I remember the summer before fourth grade I was driving across the country with my Dad in order to bring our car to our new home in Exeter, New Hampshire. During that trip, I spent a great deal of time watching a multi-episode BBC documentary about dinosaurs. I remember being stunned and in disbelief when, in the final episode, the British narrator told me that the closest living relatives to the dinosaurs are birds. Birds like chickens. “Ha!” I thought to myself. “Chickens are small, weak, and nothing like the mighty T. Rex. Scientists must have it wrong. There’s no way chickens can be even remotely related to dinosaurs.” 

This perception quickly changed once I was put on the egg collecting chore.

The Mountain School owns probably between fifty and one hundred chickens that we use for eggs and meat. Right now they’re laying close to fifty eggs a day and it’s my job to collect those eggs twice a day and bring them to the kitchen.

Although it’s more eerie at night, the daytime is the most dangerous time to collect eggs. At night they sleep on top of their laying boxes but during the day many of them will be sitting inside the boxes, staring out at you with their reptilian gaze and clucking menacingly every once in a while.

When you crouch down to the level of the laying boxes and stare straight into the face of a chicken that does not want to move, that is when their reptilian heritage is truly visible.  It’s very hard to convince yourself to pick up and move a chicken when all you can think of is the velociraptor scenes from “Jurassic Park.” Sometimes they come quietly and might even move for you. Other times they’ll peck at you. It doesn’t hurt but it’s surprising and far from pleasant.

The moral of the story is, don’t judge a chicken just by its exterior qualities. Inside every chicken is the blood of an ancient and angry dinosaur, ready to strike at any moment. Next time you can, I encourage you to stare into a chickens beady eyes. I dare you to tell me you don’t see some velociraptor in them.


P.S Sorry for the delayed post. Much like at Exeter, it’s been a VERY busy week here.

Something I learned today: Clouds don’t precipitate. The moisture in clouds precipitates.

New York Times Writes Article, and Succeeds at Sounding Silly

The NY Times wrote an article about us a couple of weeks ago. It only made it into the paper today because of Hurricane Sandy but it made it nonetheless! I thought the piece was… amusing. The woman who wrote the article, in my opinion, made us sound very simple. I think she exaggerated how disconnected we actually are.

Between English and environmental science classes, they care for farm animals, chop wood and read the works of Robert Frost. And in the process, many say, they stop scouring the campus for its sparse bars of reception and lose the habit of checking their Facebook pages at every opportunity.”

I haven’t read a single Robert Frost poem outside of English class all semester and I check Facebook here just about as much as I do at home. The way she wrote it made me feel like some form of freakish zoo oddity.  At one point she mentions a rare spot where cell service exists. I had no idea one was there because I’ve never gone looking for cell service. I just assume I don’t have it and I leave my phone in my desk drawer.

The spot, between the potato patch and a llama named Nigel, is something of an open secret at the school in this remote corner of Vermont where simplicity is valued over technology.”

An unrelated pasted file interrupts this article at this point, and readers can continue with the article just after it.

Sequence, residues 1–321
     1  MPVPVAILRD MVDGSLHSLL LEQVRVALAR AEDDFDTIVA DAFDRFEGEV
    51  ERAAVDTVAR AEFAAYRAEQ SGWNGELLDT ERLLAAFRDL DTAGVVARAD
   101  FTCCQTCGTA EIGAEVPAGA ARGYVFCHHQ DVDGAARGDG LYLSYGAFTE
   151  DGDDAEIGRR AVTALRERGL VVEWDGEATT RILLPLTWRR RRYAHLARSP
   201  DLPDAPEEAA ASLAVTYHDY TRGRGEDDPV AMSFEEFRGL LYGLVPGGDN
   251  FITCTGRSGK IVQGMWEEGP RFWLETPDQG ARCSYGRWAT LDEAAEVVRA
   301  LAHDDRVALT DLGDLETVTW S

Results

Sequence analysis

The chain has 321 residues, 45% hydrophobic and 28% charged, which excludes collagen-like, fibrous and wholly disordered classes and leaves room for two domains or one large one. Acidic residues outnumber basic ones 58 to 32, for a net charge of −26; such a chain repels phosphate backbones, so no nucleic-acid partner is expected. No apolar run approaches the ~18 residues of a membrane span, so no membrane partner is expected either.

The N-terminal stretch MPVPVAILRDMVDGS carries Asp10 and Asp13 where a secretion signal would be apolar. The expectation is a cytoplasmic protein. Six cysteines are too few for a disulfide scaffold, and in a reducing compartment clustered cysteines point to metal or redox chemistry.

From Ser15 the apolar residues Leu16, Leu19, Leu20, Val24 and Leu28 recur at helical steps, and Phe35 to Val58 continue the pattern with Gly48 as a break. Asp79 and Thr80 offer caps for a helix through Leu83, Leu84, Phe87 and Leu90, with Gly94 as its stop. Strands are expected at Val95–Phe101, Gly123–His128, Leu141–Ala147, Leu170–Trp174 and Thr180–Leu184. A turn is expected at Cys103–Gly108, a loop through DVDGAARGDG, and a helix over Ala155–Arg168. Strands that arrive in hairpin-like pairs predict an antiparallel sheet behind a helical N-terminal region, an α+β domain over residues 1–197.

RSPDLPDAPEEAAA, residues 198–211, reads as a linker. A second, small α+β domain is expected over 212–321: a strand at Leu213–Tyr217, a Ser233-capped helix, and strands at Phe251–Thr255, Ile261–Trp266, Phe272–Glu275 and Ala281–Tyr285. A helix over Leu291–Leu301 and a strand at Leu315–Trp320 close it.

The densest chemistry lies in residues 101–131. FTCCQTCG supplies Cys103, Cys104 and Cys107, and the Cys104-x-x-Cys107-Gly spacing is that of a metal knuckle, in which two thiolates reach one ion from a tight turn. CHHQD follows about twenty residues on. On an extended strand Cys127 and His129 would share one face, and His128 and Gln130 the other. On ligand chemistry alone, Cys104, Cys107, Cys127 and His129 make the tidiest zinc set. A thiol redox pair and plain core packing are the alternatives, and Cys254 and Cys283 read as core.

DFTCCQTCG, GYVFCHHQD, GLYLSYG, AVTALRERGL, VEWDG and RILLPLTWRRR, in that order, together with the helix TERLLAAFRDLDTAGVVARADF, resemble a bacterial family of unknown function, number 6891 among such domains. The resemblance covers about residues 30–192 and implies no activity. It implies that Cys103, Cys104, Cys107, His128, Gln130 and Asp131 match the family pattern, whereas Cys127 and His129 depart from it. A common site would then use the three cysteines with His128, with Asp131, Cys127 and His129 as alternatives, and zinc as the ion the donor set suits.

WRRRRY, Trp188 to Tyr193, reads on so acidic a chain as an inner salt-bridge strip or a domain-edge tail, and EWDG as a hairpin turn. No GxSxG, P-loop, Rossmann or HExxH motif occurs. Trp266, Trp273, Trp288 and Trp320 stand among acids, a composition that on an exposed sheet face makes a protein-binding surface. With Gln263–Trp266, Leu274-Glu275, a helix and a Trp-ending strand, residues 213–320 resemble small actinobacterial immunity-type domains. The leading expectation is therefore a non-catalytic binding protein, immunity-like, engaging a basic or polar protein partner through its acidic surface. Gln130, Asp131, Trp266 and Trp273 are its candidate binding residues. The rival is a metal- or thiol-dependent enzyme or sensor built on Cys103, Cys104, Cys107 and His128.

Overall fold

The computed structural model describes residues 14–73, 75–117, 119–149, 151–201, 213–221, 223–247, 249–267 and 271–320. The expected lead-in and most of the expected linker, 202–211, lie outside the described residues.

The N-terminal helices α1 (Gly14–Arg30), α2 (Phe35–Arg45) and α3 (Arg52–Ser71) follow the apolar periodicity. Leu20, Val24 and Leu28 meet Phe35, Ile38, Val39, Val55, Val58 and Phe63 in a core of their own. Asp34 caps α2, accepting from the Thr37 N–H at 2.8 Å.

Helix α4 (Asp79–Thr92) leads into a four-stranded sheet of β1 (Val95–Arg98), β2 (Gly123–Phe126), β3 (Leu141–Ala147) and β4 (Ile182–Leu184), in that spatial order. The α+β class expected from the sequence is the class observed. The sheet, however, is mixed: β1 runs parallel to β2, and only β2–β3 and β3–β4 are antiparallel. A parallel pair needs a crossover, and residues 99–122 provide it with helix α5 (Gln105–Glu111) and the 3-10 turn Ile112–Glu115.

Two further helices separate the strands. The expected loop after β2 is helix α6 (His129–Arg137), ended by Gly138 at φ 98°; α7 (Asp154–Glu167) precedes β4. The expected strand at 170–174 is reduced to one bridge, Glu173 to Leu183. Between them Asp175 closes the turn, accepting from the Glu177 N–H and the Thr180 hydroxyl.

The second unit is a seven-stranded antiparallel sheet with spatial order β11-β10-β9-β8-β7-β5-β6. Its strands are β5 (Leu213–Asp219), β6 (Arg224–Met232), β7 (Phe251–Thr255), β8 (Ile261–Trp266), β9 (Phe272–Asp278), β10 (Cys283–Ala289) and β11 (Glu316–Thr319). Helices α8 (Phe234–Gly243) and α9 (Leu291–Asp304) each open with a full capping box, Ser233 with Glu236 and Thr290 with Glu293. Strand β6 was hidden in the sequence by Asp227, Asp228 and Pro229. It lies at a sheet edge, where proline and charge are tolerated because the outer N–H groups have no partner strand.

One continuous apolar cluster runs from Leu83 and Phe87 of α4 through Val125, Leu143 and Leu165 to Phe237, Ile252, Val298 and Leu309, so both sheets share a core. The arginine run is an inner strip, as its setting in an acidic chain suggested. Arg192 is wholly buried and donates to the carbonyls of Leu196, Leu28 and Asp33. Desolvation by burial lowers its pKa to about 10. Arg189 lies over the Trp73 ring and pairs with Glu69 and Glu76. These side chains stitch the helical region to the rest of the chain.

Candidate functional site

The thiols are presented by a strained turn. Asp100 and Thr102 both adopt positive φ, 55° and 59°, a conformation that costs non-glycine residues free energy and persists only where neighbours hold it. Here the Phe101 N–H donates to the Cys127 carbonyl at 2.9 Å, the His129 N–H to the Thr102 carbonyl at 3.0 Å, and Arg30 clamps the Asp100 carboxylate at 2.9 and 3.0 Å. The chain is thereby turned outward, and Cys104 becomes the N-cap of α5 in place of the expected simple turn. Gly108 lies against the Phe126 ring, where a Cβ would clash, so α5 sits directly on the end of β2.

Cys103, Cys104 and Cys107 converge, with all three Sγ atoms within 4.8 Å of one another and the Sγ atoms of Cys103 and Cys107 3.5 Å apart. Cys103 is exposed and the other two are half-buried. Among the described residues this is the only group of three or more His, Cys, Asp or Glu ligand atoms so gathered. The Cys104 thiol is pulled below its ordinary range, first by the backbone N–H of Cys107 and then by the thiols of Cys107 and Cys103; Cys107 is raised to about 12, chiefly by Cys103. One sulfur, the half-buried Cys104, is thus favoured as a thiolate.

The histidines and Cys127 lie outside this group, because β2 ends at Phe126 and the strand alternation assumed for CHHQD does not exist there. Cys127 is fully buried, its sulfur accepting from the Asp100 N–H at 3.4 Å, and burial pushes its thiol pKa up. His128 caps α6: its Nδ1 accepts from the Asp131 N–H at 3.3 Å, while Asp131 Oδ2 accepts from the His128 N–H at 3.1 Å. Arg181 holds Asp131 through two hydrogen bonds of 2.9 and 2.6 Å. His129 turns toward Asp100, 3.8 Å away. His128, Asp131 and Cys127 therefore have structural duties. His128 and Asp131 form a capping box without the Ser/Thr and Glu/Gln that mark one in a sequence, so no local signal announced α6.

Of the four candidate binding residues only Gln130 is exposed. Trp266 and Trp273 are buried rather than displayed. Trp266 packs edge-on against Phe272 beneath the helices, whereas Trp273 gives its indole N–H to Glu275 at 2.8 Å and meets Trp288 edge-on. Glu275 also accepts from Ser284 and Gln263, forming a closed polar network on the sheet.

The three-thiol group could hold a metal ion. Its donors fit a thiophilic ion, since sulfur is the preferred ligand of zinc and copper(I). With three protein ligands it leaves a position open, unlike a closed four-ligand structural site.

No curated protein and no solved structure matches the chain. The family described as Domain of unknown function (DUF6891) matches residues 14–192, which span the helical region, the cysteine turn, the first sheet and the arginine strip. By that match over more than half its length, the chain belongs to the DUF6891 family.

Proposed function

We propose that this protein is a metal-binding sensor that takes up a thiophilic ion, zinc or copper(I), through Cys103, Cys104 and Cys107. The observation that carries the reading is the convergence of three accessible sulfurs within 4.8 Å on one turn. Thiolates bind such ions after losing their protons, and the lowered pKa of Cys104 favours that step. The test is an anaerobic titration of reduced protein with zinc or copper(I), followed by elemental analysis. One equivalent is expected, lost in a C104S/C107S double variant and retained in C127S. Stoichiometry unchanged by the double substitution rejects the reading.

“Where simplicity is valued over technology.” That line amuses me. Another great one from her was:

“The school offers high school juniors, many from elite private institutions in the Northeast, a semester to immerse themselves in nature.”

Well there you have it folks. Mountain School is a place where spoiled kids from “elite private institutions” can go to live a simpler life, get away from our cruel society, and live in “nature.” What the heck does “immerse themselves in nature” even mean?

Anyways, I thought it was really cool to get an article written about us, I just think it could have been a little less snobbish.

But hey! That’s my take on it.

Here’s the link if you’d like to read the article:

What do you think? Tell me about it in the comments section.

Till Next Time,


Something I learned today: Increase in global temperatures might make everything warmer, or it might cause the Earth, particularly Europe, to get way colder, as in Scandinavia would be practically uninhabitable.

Too Cool for Regular School

I’m pretty sure my work period activity couldn’t be handled at a traditional academic institution simply because it really is “too cool for school.”

Two local loggers are around this week to clear-cut a patch of forest on campus. They’re clear cutting it so that new growth can develop in that area and students have been coming every day to see how they fell really big trees. One other pretty cool thing about these guys is that they use a team of horses to pull their logs! Horses! Two enormous black geldings (castrated male horses) named Rob and Luke that can pull giant logs uphill all day!

I went to work helping one of the loggers with the horses. He started by having me hitch logs to them and other grunt work that needed to get done. Then, to my surprise, he let me drive them. That’s right, today I literally got to “take the reins” and drive two work horses as they pulled giant logs up hill. To their credit, I didn’t have to actually do that much work because of how well-trained they were.

I finished the work period with a profound respect for the strength of these animals.

In other news it’s getting cold here in Vershire!

The winter jackets have been broken out and it started snowing a fair amount today. Not a lot of it stuck but I’ve heard we might get some decent snow on Wednesday. I hope it’s not a hoax.


Something I learned today: The horse command to turn left is pronounced “haw.”

Wall-Stiles and Rock Climbing